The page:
Dealing with These Cases
There is no “good” way to deal with these cases, especially since one usually don’t know what they have on their hands until it has already turned heated.
However, if you suspect that someone who is taking your content may be harboring something deeper, the best thing you can do is the usual steps for stopping plagiarism.
The reason is that, usually in cases where there are warning signs, there’s no such response but even if the case does go off the rails, it is usually better to have been treating it as a typical plagiarism case as it prevents the plagiarist from feeling they received any special treatment for or against them.
If you do find yourself in such a case and you are given serious threats of violence, notify the appropriate authorities but continue with the case as if it were any other plagiarism matter. This includes filing takedown notices and other legal action as appropriate. Letting yourself be bowed only makes things worse in the long run by empowering the person doing the plagiarism.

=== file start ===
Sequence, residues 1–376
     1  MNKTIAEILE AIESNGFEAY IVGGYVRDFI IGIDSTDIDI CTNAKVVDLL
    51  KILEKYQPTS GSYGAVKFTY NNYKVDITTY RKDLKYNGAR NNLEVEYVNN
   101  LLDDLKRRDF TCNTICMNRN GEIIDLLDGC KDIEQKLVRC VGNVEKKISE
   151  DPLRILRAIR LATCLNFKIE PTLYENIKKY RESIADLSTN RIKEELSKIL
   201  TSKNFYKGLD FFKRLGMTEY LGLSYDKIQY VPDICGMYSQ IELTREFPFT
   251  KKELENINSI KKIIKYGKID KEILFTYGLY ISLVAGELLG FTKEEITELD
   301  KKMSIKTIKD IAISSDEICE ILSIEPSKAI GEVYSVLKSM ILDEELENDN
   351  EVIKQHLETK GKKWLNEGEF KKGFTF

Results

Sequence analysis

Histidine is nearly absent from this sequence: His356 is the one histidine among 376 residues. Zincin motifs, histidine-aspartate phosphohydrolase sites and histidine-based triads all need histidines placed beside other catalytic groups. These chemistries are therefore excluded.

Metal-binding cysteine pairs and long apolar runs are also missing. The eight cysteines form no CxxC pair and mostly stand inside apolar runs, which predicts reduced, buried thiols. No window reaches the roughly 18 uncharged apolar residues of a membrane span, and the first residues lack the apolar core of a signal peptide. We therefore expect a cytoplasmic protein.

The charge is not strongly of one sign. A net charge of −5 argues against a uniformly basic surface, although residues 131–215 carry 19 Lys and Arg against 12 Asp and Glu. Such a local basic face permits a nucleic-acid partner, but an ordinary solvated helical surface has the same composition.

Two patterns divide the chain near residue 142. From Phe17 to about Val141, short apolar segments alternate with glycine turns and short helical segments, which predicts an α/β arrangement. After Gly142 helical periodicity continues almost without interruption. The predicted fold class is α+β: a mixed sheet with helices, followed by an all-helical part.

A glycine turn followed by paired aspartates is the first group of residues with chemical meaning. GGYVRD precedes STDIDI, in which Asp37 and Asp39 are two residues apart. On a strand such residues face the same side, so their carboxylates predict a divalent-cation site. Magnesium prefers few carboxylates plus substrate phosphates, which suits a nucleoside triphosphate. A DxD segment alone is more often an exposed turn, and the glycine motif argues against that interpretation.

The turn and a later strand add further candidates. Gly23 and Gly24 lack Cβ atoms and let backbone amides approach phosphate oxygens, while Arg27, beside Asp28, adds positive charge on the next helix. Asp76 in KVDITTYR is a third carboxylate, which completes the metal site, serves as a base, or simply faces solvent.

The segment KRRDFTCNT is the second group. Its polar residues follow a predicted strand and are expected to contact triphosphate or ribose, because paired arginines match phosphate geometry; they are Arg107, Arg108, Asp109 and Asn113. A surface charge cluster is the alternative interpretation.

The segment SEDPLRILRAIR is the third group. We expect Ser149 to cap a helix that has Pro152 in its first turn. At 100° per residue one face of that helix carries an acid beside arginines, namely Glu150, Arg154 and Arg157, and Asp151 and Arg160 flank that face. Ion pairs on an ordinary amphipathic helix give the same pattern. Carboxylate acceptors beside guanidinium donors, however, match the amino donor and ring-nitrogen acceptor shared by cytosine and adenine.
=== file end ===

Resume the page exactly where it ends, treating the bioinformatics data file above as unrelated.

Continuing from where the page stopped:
However, though it should not need to be said, it is crucial that you do not return the hostilities nor even respond to them. This is a bad idea in virtually any case but is doubly bad here as it validates and encourages the hostile response.
All in all though, the best thing you can do is respond to any threats appropriately and try to move forward with the case like you would any other. Usually, the other person will eventually get the hint but it may take several tries.
The good news in all of this is that, though these cases often go through several cycles, if you’re diligent and deal with them and don’t let yourself be scared off, most of these impostor plagiarists will eventually move on, very likely to another target.
But the lesson is simply this, though we may not be celebrities by any stretch on, by posting our work on the Web and becoming public figures, we reap many of the benefits and bear many of the risks.
These cases are extremely rare and, without too much guesswork on a psychological front, seems to stem from individuals who have serious issues beyond their plagiarism, Most who post work online, even prolifically, will not see this kind of plagiarism.
But you still need to be on the lookout because, if you do, it can mean a world of trouble and a very scary time.